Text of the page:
by J.M. Coetzee
Disgrace Women and Femininity Quotes
How we cite our quotes: Citations follow this format: (Chapter.Paragraph)
A solid woman, embedded in her new life. Good! If this is to be what he leaves behind—this daughter, this woman—then he does not have to be ashamed. (7.32)
David seems to think that having a sturdy, hardworking, earthy woman for a daughter is a noble thing, deserving of respect. Does this say anything about the sleek, cosmopolitan women that he generally finds himself attracted to?
Sharing a bed, sharing a bathtub, baking gingerbread cookies, trying on each other's clothes. Sapphic love: an excuse for putting on weight. (10.57)
It's interesting to see that David's ideas about the experiences of lesbians are so caught up in hyper-feminine and childlike examples. It's as though he pictures two eight-year-old girls at a sleepover, when really it is clear that Lucy was in a serious, adult relationship with another woman.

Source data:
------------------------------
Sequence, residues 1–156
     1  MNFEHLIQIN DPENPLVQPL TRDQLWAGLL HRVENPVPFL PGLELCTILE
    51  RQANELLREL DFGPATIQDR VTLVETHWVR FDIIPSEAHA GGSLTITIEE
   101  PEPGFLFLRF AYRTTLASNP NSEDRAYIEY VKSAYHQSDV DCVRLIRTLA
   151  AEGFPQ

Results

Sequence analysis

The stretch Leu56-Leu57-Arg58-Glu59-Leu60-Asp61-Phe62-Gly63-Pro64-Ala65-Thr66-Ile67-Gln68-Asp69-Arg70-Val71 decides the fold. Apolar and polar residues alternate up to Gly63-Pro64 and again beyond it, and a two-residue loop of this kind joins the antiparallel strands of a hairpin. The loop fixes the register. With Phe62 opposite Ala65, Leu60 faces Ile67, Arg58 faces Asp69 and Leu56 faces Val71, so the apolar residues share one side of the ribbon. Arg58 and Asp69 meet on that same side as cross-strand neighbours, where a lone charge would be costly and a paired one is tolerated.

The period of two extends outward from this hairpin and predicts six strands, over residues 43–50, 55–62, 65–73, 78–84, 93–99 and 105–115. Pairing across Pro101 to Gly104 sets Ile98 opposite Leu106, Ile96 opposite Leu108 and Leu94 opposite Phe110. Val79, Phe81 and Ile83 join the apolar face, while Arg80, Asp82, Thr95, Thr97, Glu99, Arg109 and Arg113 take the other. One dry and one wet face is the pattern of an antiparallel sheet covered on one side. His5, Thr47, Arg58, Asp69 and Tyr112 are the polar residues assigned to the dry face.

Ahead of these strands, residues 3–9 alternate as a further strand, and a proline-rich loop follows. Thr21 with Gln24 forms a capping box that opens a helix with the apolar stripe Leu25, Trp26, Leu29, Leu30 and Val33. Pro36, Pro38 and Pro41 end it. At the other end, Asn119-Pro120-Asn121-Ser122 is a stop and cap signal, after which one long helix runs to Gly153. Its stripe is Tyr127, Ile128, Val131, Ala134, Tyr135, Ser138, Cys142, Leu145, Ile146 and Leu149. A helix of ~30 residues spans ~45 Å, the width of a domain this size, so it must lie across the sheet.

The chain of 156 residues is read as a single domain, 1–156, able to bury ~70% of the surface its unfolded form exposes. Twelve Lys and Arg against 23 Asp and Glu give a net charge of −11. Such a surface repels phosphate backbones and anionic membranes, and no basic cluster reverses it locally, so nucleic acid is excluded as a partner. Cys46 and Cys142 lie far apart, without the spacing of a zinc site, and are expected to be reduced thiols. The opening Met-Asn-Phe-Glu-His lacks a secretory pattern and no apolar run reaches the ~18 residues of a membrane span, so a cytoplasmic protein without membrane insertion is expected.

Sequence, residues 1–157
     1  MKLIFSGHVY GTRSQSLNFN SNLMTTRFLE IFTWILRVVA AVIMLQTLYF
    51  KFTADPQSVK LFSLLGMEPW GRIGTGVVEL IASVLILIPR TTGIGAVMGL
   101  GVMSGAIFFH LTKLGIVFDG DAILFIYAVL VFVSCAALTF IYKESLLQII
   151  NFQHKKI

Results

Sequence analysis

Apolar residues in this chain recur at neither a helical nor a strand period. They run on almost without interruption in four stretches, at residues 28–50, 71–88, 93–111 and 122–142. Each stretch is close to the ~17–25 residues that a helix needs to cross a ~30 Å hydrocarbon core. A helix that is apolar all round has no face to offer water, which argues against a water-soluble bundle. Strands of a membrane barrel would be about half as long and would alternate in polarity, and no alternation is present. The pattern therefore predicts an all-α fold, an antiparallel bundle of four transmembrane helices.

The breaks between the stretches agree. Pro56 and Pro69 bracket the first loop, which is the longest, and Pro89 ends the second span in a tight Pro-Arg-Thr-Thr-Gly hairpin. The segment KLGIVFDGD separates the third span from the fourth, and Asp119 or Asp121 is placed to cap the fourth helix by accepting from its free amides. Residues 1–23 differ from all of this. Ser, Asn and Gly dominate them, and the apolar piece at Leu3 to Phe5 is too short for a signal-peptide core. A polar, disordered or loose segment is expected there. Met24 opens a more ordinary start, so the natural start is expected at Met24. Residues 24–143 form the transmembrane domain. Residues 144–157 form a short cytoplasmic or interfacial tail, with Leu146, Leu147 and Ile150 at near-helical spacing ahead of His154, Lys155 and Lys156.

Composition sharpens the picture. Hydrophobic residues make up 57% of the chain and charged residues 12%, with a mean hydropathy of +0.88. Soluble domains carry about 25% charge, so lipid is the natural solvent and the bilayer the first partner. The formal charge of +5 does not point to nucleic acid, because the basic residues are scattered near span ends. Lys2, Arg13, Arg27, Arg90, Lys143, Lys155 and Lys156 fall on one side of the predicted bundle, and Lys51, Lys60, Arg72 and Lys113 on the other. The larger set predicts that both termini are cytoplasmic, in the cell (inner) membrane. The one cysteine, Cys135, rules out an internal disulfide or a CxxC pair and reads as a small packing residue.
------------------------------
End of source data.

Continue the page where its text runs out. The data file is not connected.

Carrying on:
Bev Shaw responds only with a terse shake of the head. Not your business, she seems to be saying. Menstruation, childbirth, violation and its aftermath: blood-matters; a woman's burden, women's preserve. (12.44)
Here is one of the first instances after Lucy is raped that we see David feeling marginalized as a man. Do you think it is possible for him to commiserate? Do you think that Bev can do a better job of relating to Lucy solely on the grounds that they are both women?